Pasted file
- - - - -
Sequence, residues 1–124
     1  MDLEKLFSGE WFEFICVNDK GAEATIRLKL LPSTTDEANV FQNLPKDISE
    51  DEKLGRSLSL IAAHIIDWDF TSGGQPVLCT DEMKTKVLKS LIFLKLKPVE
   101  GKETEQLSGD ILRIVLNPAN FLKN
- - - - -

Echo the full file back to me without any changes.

Sequence, residues 1–124
     1  MDLEKLFSGE WFEFICVNDK GAEATIRLKL LPSTTDEANV FQNLPKDISE
    51  DEKLGRSLSL IAAHIIDWDF TSGGQPVLCT DEMKTKVLKS LIFLKLKPVE
   101  GKETEQLSGD ILRIVLNPAN FLKN